One form of writing that is most challenging is the memoir or historical writing. Telling stories about real events where little is known about what was said or thought is where specific challenges lie. History may know the action and consequences. Why the people did what they did is largely lost to time. Lost letters do pop up from time to time, and family stories abound, but it ‘s hard to know the truth of these handed down stories. Their impact on the reader today can be somewhat like listening to the result of Chinese whispers, the last story told. Stories change with their telling down the generations.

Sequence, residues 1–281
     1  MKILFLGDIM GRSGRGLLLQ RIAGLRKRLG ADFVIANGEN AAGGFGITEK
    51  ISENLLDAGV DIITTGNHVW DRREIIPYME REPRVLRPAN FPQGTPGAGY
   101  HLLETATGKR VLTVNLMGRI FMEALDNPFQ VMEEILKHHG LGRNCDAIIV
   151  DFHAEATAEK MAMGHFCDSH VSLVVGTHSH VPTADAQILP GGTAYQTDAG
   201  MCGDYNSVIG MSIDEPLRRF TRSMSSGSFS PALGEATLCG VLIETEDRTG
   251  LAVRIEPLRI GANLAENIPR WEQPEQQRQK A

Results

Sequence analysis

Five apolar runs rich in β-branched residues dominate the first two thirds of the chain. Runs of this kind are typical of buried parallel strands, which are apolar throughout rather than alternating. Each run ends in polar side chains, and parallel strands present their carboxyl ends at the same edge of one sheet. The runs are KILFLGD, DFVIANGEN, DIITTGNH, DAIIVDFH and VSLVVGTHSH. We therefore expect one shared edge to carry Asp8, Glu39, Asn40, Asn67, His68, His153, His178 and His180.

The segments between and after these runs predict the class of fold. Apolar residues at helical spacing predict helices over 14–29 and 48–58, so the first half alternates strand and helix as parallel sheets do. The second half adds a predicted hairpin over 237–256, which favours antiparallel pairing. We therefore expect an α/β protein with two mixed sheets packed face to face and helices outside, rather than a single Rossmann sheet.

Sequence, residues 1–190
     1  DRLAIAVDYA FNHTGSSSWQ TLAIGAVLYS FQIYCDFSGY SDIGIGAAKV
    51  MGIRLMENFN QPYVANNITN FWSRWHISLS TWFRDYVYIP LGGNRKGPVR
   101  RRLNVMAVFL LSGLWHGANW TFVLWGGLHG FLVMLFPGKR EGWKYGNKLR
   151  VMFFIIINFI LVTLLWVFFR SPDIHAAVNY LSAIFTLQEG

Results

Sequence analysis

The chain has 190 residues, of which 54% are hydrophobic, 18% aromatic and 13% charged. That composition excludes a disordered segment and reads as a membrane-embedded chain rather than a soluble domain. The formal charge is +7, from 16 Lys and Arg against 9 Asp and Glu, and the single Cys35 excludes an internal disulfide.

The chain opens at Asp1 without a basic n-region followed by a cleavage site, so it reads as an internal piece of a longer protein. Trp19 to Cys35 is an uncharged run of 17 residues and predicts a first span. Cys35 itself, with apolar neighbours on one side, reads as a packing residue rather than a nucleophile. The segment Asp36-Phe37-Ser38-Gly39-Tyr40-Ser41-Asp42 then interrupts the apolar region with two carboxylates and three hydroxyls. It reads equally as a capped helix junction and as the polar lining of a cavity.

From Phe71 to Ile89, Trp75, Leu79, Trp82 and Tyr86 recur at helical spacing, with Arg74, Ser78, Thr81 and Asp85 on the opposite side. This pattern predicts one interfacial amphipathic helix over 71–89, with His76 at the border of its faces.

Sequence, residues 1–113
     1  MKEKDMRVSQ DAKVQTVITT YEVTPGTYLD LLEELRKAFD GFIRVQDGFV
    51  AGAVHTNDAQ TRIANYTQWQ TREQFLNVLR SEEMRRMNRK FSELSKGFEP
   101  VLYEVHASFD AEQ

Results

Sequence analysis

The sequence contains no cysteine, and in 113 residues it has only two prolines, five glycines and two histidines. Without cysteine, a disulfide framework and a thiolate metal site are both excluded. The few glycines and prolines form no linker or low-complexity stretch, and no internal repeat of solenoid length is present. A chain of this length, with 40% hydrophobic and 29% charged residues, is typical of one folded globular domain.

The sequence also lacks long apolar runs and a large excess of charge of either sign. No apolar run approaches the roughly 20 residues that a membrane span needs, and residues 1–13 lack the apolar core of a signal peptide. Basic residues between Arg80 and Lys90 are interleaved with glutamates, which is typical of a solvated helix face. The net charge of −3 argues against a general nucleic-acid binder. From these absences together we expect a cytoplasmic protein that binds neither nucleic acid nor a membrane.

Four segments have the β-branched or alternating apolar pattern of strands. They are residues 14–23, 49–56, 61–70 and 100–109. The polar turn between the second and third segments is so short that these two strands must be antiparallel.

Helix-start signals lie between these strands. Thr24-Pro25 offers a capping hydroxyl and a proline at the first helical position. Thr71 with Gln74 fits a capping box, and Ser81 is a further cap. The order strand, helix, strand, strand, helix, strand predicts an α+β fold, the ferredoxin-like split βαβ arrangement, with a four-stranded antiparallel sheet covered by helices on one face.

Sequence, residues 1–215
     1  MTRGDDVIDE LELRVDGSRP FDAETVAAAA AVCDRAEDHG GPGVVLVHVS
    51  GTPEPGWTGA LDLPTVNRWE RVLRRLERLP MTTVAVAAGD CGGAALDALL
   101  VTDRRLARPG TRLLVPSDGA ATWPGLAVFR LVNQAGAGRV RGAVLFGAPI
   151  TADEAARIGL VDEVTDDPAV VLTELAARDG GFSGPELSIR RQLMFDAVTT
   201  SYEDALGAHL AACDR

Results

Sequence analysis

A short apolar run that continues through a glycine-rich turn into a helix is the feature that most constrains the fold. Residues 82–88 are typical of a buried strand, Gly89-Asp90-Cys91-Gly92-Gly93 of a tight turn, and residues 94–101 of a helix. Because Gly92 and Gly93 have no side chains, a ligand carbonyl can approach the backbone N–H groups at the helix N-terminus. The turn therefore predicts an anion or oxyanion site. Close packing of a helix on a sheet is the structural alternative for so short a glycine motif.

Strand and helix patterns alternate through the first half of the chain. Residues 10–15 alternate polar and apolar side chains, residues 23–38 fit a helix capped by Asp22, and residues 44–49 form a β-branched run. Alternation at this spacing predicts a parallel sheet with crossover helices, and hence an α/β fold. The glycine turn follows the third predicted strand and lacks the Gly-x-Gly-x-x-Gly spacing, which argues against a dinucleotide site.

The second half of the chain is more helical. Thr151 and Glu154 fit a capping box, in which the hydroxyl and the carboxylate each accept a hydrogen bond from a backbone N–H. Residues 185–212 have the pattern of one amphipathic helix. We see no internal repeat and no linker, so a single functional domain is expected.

The characters may be real, but writers don’t wish to portray them as flat or emotionless. They want to put words into the mouths of the people involved. This is because stories are often best told through the words and thoughts of participants.

One problem is that two people will remember what happened very differently; therefore, a clear picture can be hard to find. I recall two people discussing an event we had all attended. While I Listened to them, it seemed clear they attended a different event than I had. Of course, they didn’t, neither were they lying, they simply recalled it differently and interpreted it in their own way based on their personal knowledge and experiences. This is a part of the challenge of documenting any event. There is more than one perspective and therefore more than one story that can be told.

Setting the scene.